Europe may develop human spaceflight transfer vehicle
The European Space Agency (ESA) and other European partners have started to look at developing a Crew Space Transportation System (CSTS) which may be able to launch humans into space.
A study, with addition contributions from Japan and Russia, has been commissioned by ESA and starts this month. The study's aim is to find the best architecture for CSTS - it may be based on an updated version of the Soyuz or use a new design. Europe has already built an Automated Transfer Vehicle (ATV) which will be shortly be launched to the International Space Station (ISS).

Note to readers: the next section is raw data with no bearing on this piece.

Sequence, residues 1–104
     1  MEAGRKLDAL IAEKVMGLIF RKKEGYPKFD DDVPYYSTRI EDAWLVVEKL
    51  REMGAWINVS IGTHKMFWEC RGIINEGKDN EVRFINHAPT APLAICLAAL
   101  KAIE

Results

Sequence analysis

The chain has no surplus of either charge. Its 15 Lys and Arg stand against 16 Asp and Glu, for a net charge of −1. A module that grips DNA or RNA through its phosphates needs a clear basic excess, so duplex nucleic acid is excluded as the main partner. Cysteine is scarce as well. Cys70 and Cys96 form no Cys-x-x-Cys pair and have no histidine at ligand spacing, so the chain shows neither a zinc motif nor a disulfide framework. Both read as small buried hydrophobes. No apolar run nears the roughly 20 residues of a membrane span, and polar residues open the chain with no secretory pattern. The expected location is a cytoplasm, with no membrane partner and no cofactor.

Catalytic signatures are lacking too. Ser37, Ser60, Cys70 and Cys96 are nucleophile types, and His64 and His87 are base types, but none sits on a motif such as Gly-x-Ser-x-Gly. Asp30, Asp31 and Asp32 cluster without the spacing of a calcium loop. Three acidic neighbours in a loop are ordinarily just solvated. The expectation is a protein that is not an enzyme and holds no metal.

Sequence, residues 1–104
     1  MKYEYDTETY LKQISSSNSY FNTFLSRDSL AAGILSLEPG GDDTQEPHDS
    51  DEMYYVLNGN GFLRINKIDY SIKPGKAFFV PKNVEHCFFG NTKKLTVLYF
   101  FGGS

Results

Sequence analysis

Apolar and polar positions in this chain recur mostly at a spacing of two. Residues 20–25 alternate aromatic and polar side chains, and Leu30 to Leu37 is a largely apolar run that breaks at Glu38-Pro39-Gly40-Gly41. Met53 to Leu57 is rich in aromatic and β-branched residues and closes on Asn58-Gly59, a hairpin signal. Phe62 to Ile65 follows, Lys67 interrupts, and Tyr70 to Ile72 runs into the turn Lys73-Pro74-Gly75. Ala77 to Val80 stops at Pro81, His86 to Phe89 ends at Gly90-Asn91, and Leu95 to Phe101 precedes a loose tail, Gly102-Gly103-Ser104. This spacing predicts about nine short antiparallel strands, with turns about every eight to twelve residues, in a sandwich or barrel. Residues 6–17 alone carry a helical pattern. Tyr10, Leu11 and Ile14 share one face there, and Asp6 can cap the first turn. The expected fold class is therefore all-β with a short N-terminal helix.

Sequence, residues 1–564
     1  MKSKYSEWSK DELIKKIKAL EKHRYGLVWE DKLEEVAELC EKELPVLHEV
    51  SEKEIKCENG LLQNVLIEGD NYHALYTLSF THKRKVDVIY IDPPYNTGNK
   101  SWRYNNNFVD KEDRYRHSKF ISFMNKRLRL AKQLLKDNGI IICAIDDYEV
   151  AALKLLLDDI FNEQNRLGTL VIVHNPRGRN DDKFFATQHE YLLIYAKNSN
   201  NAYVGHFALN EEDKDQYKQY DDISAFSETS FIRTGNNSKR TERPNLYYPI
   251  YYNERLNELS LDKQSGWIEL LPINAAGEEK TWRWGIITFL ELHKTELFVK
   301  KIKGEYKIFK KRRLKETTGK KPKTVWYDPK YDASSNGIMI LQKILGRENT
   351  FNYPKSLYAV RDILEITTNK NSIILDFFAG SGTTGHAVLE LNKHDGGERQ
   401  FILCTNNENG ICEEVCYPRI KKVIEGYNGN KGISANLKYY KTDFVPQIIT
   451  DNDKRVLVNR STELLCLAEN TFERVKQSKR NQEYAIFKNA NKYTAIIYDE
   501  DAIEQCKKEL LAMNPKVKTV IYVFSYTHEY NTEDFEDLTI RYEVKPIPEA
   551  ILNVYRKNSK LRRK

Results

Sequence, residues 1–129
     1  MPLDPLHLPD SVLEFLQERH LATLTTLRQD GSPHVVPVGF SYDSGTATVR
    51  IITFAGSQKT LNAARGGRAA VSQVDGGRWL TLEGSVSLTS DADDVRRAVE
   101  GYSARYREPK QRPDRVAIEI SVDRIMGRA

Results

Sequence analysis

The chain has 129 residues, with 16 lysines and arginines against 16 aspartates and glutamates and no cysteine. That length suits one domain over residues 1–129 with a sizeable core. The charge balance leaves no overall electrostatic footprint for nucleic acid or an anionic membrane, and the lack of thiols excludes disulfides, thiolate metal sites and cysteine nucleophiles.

The final CSTS architecture decision will depend on the type of missions envisaged - launches to the ISS in Earth orbit or indeed further into the Solar System.
The study will be a European/Russian co-project. It is planned that the study will report to Europe's space ministers in 2008. If the ministers approve the development of CSTS, it will cost hundreds of millions of euros.
European industrial partners are EADS-Astrium, who built the ATV, and Thales Alenia Space. RKK Energia which builds the Soyuz launcherer will be involved on behalf of Russia. The involved organisations are all IAF members.
Meanwhile, the United States is building the Orion vehicle to replace the Space Shuttle.
04 July 2007